A Federal Court ruling has left Deputy Premier John Barilaro’s signature piece of legislation, the Kosciuszko Wild Horse Heritage Act 2018, on rocky ground.
Kate Washington MP, Labor Shadow Minister For Environment And Heritage said "The ruling could revive tensions in NSW’s already fractured cabinet. Environment Minister Matt Kean has clashed with the Deputy Premier on this issue on numerous occasions, including when he made his first act as Minister a visit to Kosciuszko National Park to inspect the damage caused by feral brumbies." "In 2018 Mr Barilaro changed the law to give more protection to feral horses than endangered to native animals in Kosciuszko National Park. This law restricted the ability to the National Parks and Wildlife Service to effectively manage the feral horse population."
"As a result of this bill the population of feral horses has exploded, leaving thousands of feral pests tearing up Kosciuszko National Park."
On Friday, lobby group Australian Brumby Alliance lost a long running Federal Court case against Parks Victoria, claiming that the heritage value of the brumbies had not been appropriately considered. Parks Victoria has now announced it will "recommence ground-based culling of the feral pests".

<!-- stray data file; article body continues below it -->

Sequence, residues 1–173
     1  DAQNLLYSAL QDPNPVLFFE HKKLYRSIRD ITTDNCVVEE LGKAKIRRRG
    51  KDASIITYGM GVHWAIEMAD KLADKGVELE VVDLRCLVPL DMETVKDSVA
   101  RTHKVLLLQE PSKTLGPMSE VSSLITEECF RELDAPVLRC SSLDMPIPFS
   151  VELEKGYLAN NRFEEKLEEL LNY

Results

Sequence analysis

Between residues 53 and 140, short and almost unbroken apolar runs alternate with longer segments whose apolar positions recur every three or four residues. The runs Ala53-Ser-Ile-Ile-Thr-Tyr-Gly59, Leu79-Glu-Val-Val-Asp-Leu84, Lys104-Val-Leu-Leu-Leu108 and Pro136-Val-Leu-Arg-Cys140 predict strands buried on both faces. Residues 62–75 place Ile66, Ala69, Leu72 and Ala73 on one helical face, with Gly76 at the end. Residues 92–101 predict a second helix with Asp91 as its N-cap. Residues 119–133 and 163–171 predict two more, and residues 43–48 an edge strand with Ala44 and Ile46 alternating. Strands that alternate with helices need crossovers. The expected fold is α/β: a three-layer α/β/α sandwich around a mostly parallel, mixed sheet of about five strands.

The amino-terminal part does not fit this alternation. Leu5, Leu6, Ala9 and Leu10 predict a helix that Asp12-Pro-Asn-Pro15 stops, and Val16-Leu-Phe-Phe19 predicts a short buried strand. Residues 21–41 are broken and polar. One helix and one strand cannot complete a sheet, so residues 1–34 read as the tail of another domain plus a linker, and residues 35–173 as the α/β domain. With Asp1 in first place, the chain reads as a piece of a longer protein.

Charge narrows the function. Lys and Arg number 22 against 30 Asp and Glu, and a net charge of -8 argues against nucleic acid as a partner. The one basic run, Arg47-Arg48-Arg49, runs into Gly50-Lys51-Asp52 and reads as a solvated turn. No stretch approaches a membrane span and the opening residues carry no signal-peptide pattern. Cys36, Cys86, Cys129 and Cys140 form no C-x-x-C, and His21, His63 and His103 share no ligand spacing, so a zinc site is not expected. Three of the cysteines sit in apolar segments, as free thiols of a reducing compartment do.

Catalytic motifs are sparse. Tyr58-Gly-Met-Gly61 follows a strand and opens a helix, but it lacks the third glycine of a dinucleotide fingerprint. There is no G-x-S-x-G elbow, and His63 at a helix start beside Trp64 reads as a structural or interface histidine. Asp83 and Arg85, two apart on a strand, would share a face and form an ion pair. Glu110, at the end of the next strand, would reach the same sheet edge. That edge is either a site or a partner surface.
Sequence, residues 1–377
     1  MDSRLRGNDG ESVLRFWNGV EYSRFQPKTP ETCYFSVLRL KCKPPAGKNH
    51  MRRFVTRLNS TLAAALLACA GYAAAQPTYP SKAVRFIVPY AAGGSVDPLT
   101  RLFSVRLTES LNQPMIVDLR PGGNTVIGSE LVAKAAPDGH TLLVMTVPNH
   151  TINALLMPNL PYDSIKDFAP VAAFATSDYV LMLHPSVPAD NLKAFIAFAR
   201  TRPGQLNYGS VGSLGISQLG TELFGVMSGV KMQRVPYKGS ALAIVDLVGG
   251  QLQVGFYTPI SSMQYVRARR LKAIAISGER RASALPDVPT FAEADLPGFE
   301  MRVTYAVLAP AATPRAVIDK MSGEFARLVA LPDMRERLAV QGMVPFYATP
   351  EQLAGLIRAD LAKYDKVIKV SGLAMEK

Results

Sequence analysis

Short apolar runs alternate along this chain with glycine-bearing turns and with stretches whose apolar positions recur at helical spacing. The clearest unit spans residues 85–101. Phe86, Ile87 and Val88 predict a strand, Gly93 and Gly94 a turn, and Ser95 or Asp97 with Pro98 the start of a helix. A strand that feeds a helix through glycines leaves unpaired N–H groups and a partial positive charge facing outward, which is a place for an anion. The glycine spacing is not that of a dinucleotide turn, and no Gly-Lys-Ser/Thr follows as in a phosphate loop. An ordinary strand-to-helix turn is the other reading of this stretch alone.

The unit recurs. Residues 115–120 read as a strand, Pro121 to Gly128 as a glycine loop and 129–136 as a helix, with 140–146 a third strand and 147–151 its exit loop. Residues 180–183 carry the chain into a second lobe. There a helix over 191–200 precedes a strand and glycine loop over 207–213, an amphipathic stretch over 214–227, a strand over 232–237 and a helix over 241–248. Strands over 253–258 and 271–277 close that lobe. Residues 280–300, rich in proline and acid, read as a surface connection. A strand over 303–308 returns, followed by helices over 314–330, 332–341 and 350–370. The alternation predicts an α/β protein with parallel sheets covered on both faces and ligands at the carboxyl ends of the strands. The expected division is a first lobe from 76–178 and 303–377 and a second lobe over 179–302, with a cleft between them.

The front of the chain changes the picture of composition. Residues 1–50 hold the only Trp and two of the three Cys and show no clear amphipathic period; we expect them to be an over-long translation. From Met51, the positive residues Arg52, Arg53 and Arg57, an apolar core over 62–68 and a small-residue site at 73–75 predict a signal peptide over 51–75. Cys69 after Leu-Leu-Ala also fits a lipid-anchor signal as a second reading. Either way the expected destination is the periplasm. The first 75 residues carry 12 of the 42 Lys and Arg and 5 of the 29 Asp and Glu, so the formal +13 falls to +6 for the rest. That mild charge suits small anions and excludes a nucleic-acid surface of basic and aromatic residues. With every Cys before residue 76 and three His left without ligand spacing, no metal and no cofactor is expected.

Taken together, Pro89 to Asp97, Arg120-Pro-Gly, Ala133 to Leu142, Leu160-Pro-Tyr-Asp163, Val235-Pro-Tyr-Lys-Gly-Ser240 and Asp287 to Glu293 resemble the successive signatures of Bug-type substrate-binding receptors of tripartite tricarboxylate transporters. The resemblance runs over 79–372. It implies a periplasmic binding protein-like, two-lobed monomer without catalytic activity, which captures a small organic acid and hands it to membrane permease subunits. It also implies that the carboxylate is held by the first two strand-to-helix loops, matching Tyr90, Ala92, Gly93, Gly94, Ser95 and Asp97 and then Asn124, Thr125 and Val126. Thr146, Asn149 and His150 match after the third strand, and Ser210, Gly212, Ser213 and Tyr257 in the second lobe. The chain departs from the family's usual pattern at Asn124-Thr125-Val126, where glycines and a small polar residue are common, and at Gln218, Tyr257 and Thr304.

“The Federal Court of Australia has ruled that introduced feral pests do not form part of Australian Alps heritage listing," Ms Washington said. "The decision confirms that the only impediment to appropriate management of these pests in NSW is John Barilaro’s signature bill.
“The recent bushfires have increased the urgency of reducing the number of feral pests in National Parks so that native populations can survive. Barilaro’s actions have made that task harder and pushed more native species to the brink of extinction”.
“Today’s Federal Court ruling has highlighted how outrageously irresponsible the Deputy Premier has been, actively undermining the capacity of NSW’s National Parks staff to manage feral species in our internationally important Kosciuszko National Park. Thank goodness Barilaro and his environmentally reckless views aren’t headed to Canberra - he now needs to stop being a barrier in NSW," Ms Washington added
Damage caused by feral horses in the Australian alps.D Thompson and Stuart Rowland, Friends of Currango/Flickr Further reading : In May 2018 the so-called “brumby bill” was passed without amendment in the New South Wales Parliament. The controversial Coalition bill, supported by the Christian Democrats and the Shooters, Fishers and Farmers Party, means that feral horses must be kept in Kosciuszko National Park. Passing the brumby bill is a backward step for environmental protection in Australia